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The Paris Stock Exchange plunged into uncertainty after the announcement of the dissolution of the Assembly

Photo: Bartek Szewczyk Getty Images iStockphoto A rise to power of the National Rally also increased the borrowing rates of the French state.

Juliette Vilrobe – Agence France-Presse in Paris

Posted at 8:45 a.m. Updated at 9:00 a.m.

  • Europe

The surprise announcement of legislative elections in three weeks in France caused a sudden fall in the Paris Stock Exchange, plunged into uncertainty in the face of the possibility of an arrival of the far right to the French government.

The prospect of the National Rally, which triumphed in the European elections on Sunday, potentially coming to power in July, was also pushing up the French state's borrowing rates.

Financial markets don't like vagueness. However, “the latest events create uncertainty at a time when the latest results, both economic and budgetary, are quite mediocre,” explains Bruno Cavalier, chief economist at Oddo BHF.

Ten days ago, France saw its credit rating downgraded by one notch by the S&P rating agency, which had sanctioned the worsening of the country's public deficits and did not believe in the promise of a restoration of accounts by the end of Emmanuel Macron's mandate in 2027.

“We thought that the end of the presidential mandate would be normal, we don't “I could not imagine such a scenario and such risk-taking,” added the head of market analysis at IG France, Alexandre Baradez, to AFP.

With the dissolution, Emmanuel Macron is making “an extremely risky bet,” believes historian Jean Garrigues. “These elections will present the French with a fait accompli: do we want a National Rally (RN) government ?”.

“It’s the legislative election which will have the heaviest consequences for France, for the French, in the history of the Fifth Republic,” said the Minister of Economy and Finance, Bruno Le Maire on RTL radio on Monday.

At the opening of the session, the flagship index of the Paris Stock Exchange, the CAC 40, fell by 2.37%. Around 12:15 p.m. local time, it was down 2.01%.

“Investors are becoming aware of the possibility of a decisive shift in France to the right,” comments Neil Wilson, analyst at Finalto. However, it is unlikely that the RN will obtain a majority in the National Assembly, according to analysts.

At the European level, investors are worried about the “weight of the France within the European Union”, explains Alexandre Baradez, with as a primary political force a party which defends in its program “a Europe of nations”.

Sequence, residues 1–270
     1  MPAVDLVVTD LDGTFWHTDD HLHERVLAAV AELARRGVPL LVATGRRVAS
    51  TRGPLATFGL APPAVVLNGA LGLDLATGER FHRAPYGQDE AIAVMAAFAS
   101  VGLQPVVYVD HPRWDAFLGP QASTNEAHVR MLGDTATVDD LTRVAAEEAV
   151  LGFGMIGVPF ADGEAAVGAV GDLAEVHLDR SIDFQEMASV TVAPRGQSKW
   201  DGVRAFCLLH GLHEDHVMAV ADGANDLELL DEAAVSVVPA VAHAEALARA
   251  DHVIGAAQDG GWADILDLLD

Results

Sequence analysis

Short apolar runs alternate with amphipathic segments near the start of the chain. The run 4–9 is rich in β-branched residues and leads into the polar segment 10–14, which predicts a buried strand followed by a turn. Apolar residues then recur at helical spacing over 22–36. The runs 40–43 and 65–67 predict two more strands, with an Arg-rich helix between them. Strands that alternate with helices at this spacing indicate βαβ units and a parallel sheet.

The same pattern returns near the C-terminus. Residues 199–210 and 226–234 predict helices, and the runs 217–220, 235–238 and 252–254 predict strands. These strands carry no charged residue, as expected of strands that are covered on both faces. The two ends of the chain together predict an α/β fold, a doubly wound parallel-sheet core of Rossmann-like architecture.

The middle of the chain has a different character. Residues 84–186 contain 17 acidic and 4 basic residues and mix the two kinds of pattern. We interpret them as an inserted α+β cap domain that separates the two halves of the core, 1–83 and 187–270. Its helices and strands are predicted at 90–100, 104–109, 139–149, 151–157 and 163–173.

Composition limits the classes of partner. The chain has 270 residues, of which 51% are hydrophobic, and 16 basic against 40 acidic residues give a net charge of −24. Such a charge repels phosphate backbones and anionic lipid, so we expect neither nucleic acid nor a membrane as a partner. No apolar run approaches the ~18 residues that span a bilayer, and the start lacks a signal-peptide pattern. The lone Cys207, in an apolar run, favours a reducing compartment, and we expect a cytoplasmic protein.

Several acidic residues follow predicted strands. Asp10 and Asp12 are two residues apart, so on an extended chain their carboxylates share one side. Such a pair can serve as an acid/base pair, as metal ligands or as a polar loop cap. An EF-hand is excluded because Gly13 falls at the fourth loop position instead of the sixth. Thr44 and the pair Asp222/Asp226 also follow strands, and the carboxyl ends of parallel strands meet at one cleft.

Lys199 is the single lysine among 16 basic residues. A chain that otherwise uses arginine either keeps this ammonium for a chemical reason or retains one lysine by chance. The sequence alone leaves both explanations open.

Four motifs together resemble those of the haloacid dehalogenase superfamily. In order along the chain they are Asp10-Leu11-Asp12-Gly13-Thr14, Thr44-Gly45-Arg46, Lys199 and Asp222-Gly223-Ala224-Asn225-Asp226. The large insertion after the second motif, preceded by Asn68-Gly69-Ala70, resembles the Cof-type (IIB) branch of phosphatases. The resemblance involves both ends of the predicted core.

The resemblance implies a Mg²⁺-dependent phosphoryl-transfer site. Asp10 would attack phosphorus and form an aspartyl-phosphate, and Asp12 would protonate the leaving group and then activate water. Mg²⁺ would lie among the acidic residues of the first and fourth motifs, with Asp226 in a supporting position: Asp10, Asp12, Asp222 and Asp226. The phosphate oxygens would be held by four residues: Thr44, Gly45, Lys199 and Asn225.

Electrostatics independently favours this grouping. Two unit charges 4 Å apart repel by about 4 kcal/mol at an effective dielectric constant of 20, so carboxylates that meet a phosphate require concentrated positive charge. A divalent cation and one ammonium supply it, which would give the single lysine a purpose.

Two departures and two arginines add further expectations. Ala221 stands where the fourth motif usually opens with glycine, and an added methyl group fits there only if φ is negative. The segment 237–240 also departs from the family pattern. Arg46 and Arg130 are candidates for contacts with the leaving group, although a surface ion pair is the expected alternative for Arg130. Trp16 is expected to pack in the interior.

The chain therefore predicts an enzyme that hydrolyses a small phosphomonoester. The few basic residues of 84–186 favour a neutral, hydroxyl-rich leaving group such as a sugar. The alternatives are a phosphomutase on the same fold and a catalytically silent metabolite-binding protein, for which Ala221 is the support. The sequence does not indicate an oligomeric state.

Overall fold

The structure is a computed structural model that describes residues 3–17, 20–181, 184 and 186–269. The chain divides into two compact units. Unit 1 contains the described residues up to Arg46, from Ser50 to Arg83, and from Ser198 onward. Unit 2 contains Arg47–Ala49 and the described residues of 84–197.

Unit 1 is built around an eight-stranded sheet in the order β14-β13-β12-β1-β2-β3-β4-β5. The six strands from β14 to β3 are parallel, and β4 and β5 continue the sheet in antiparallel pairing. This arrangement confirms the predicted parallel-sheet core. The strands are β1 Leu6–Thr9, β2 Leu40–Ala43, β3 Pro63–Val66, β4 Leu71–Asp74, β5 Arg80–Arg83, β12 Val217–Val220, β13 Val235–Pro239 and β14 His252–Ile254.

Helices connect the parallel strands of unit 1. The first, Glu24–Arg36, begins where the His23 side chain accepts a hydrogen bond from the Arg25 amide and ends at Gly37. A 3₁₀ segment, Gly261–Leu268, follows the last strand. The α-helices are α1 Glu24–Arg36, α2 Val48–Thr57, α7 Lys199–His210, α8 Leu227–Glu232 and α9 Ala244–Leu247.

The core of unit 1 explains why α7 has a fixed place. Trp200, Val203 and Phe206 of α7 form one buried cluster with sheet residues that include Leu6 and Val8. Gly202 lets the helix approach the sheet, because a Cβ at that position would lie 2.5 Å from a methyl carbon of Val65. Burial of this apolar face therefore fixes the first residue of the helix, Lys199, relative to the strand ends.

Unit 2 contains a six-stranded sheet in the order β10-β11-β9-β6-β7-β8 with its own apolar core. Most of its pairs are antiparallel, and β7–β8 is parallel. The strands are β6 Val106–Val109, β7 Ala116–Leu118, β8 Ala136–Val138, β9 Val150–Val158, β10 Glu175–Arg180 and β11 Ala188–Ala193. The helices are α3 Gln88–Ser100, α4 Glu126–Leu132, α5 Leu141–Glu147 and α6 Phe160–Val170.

This fear was dragging down the European currency: the euro depreciated by 0.57% against the dollar to 1.0739 dollars per euro around 12:15 p.m.

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Don't panic

Sign of a “distrust taking place towards France”, the rates at which the French State borrows on the financial markets are progressing, observes Alexandre Baradez.

This interest rate for loans maturing ten years rose to 3.19% around 12 p.m., at its highest since the end of November, compared to 3.10% at Friday's close.

The gap between this French rate and the German equivalent (judged as the safest sovereign debt in the euro zone) increased on Monday, but this difference – called “spread” – is an indicator of investor confidence.

However, “it’s not panic,” emphasizes Alexandre Baradez. The gap “increased by 6 basis points this morning” to reach “a level not seen since December-January”.

For Mr. Baradez, “the message of the RN is not the same as that of Macron” on the economic level with on the one hand “economic patriotism” and the renationalization of highways and on the other hand efforts to attract foreign investors and encourage innovation.

The shares of Vinci and Eiffage, which manage part of the French motorways via concession contracts, fell respectively by 5.28 % and 7.29% around 12:15 p.m. in reaction.

To a lesser extent, the luxury sector also suffered the blow: LVMH posted a decline of 2.24 %, Hermès by 2.59% and Kering by 1.14% on the Paris stock market, facing fears that exports would be affected by possible economic protectionism measures by the RN.

Other collateral victims, the French banks: -7.61% for Société Générale, -5.09% for BNP Paribas, -4.51% for Crédit Agricole.

David Benamou, investment director of the management company Axiom, assesses these declines to AFP as an “overreaction” of bank actions “when there is a slightly worrying event”.

Rising borrowing rates can cause an “economic risk” for banks, adds Alexandre Baradez: businesses could have difficulty repaying.

Teilor Stone

By Teilor Stone

Teilor Stone has been a reporter on the news desk since 2013. Before that she wrote about young adolescence and family dynamics for Styles and was the legal affairs correspondent for the Metro desk. Before joining Thesaxon , Teilor Stone worked as a staff writer at the Village Voice and a freelancer for Newsday, The Wall Street Journal, GQ and Mirabella. To get in touch, contact me through my teilor@nizhtimes.com 1-800-268-7116